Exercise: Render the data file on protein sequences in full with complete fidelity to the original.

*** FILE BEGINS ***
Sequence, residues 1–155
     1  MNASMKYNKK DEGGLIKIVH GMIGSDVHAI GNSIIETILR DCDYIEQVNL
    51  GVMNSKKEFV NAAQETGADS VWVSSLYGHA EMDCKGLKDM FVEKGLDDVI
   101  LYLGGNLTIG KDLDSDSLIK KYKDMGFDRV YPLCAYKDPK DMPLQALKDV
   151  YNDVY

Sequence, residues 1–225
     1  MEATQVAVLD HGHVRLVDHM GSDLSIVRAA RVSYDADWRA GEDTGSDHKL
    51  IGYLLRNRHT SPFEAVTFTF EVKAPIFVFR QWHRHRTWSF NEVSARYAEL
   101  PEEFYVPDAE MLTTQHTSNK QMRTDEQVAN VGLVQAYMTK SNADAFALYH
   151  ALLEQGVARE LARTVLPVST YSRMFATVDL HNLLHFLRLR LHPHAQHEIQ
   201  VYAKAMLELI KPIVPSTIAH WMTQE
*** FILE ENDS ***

Sequence, residues 1–155
     1  MNASMKYNKK DEGGLIKIVH GMIGSDVHAI GNSIIETILR DCDYIEQVNL
    51  GVMNSKKEFV NAAQETGADS VWVSSLYGHA EMDCKGLKDM FVEKGLDDVI
   101  LYLGGNLTIG KDLDSDSLIK KYKDMGFDRV YPLCAYKDPK DMPLQALKDV
   151  YNDVY

Sequence, residues 1–225
     1  MEATQVAVLD HGHVRLVDHM GSDLSIVRAA RVSYDADWRA GEDTGSDHKL
    51  IGYLLRNRHT SPFEAVTFTF EVKAPIFVFR QWHRHRTWSF NEVSARYAEL
   101  PEEFYVPDAE MLTTQHTSNK QMRTDEQVAN VGLVQAYMTK SNADAFALYH
   151  ALLEQGVARE LARTVLPVST YSRMFATVDL HNLLHFLRLR LHPHAQHEIQ
   201  VYAKAMLELI KPIVPSTIAH WMTQE